To open the Caliper calibration window (Figure 10), select Stations > Caliper Calib. from the IMS panel menu (Figure 8).

Calibration requires correcting the displacement laser's offset and determining the system delay.  Calibration is completed with an aluminum block of the following approximate dimensions; 50.80 x 76.25 x 30.58mm (Figure 3).  

To calibrate the caliper:

  1. Open the Caliper Calibration window
  2. Place a drop of water on the lower transducer 
  3. Place the aluminum standard on the lower transducer along an axis of known dimension.  Commonly the 50.80 mm axis is used as it is closest in thickness to a section-half.   
  4. Verify the Aluminum width on the right side of the window matches the block width, i.e. 50.80 mm. 
  5. Place a drop of water on top of the aluminum block.
  6. Use the Close Slow or Close Fast buttons to close the caliper on the aluminum block.  Do not over close the transducers as a greater force will vary the physical distances of the caliper system.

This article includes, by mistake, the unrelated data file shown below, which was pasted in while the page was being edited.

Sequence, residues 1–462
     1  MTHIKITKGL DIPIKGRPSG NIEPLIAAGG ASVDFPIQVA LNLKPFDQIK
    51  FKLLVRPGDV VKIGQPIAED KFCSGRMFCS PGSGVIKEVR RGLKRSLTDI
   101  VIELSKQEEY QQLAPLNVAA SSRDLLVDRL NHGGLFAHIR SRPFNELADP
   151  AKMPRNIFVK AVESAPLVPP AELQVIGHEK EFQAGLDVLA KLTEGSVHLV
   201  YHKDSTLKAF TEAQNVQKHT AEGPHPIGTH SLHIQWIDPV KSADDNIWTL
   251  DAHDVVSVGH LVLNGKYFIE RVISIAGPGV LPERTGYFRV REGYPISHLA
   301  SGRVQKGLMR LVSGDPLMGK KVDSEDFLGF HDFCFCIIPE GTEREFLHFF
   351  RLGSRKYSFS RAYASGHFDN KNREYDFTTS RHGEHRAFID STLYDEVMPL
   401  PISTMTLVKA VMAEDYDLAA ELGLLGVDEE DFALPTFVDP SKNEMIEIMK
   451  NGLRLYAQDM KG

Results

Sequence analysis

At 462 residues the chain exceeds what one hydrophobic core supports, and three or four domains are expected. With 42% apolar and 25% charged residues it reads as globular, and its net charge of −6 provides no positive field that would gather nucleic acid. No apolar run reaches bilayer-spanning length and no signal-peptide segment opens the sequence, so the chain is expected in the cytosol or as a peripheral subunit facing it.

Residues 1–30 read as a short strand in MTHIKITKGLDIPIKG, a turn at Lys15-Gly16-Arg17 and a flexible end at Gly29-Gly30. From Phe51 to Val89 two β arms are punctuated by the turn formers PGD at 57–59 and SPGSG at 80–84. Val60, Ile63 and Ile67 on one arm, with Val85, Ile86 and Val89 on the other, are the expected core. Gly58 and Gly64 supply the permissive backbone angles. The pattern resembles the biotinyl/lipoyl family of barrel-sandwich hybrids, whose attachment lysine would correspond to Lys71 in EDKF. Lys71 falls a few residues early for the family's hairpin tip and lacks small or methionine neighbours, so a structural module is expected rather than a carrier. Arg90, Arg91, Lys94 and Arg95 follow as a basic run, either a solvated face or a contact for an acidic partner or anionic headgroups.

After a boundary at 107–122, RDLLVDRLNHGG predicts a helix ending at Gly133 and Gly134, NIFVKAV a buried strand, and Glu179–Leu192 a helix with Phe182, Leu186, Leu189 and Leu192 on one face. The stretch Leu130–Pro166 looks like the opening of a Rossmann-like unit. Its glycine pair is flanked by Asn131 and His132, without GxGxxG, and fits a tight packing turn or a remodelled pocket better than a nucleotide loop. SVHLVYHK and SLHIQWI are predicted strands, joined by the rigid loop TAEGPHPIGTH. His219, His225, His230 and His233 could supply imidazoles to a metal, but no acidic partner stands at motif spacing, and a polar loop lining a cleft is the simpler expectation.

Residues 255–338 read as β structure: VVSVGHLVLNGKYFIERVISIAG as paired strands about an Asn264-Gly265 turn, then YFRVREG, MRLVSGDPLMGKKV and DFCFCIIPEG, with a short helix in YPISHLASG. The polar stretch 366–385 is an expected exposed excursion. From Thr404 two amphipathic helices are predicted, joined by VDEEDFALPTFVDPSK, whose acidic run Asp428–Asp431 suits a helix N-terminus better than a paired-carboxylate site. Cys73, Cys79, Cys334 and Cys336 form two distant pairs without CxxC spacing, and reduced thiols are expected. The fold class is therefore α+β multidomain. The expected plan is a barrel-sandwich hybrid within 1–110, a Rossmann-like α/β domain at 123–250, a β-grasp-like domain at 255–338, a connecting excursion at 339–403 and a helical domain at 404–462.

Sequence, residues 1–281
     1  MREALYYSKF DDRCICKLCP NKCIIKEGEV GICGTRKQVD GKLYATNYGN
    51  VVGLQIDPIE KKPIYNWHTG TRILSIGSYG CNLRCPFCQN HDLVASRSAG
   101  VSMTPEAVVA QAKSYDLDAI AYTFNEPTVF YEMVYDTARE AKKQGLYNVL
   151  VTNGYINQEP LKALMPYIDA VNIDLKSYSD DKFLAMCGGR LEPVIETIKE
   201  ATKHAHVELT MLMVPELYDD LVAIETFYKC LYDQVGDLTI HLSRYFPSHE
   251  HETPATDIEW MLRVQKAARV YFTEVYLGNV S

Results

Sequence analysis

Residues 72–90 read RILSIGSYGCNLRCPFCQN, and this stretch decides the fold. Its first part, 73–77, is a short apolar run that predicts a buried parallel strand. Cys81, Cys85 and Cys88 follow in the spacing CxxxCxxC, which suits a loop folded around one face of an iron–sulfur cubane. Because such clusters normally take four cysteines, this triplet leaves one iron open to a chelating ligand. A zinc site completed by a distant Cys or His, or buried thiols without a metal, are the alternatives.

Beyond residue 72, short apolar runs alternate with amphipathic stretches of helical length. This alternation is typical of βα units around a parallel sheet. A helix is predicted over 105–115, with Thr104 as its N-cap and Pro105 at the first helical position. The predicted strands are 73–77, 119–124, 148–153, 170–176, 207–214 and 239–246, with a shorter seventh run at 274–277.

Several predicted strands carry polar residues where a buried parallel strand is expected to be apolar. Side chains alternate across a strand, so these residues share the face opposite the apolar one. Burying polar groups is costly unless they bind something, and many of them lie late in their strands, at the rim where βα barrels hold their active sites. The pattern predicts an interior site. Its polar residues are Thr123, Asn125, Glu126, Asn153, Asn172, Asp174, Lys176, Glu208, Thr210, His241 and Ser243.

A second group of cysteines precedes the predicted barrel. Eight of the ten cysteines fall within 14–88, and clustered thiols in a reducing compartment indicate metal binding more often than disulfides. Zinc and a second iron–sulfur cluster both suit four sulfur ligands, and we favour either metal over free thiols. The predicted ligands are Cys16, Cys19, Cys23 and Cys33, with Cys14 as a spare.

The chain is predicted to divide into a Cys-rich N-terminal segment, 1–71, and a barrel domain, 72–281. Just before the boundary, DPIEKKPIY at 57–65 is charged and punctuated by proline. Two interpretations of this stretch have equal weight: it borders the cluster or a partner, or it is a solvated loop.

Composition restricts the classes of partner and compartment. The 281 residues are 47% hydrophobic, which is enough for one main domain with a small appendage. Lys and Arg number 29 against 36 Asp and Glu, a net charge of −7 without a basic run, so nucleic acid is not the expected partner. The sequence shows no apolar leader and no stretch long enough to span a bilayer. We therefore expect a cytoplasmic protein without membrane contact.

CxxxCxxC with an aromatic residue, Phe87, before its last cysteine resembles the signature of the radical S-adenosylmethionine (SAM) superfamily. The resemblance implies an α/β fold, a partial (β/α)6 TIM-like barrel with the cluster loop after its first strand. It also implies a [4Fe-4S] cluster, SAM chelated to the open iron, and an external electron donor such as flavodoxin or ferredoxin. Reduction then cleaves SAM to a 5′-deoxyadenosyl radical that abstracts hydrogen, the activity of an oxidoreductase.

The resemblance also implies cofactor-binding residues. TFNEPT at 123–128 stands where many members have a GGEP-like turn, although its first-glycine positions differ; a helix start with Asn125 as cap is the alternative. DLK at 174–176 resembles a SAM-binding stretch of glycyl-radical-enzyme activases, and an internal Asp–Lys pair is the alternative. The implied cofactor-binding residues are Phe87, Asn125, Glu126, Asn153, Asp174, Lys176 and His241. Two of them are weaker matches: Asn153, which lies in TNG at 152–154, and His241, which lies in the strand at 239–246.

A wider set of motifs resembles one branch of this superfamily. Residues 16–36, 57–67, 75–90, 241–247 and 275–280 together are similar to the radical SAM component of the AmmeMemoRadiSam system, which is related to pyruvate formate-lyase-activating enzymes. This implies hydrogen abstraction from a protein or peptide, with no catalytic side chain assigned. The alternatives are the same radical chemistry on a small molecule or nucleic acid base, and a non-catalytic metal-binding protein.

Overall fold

7. Verify the software is picking the first arrival wave in the Raw Stacked graph tab. You can adjust the threshold scale bar to achieve the proper pick location (Figure 10). Observe the graph to verify the system is getting a clean signal.  If you are not getting a clean signal, follow the steps in the trouble shooting section of this guide.
    Also, verify the auto-pick location in the Absolute Value tab (ABS or ABS Zoom).  This pick should be at the zero crossing after the first significant wave form above noise (Figure 10).
  8. Select Laser Offset Correction and verify the distance shown corresponds to the aluminum width.
  9. Verify the aluminum velocity is properly set (6295m/s)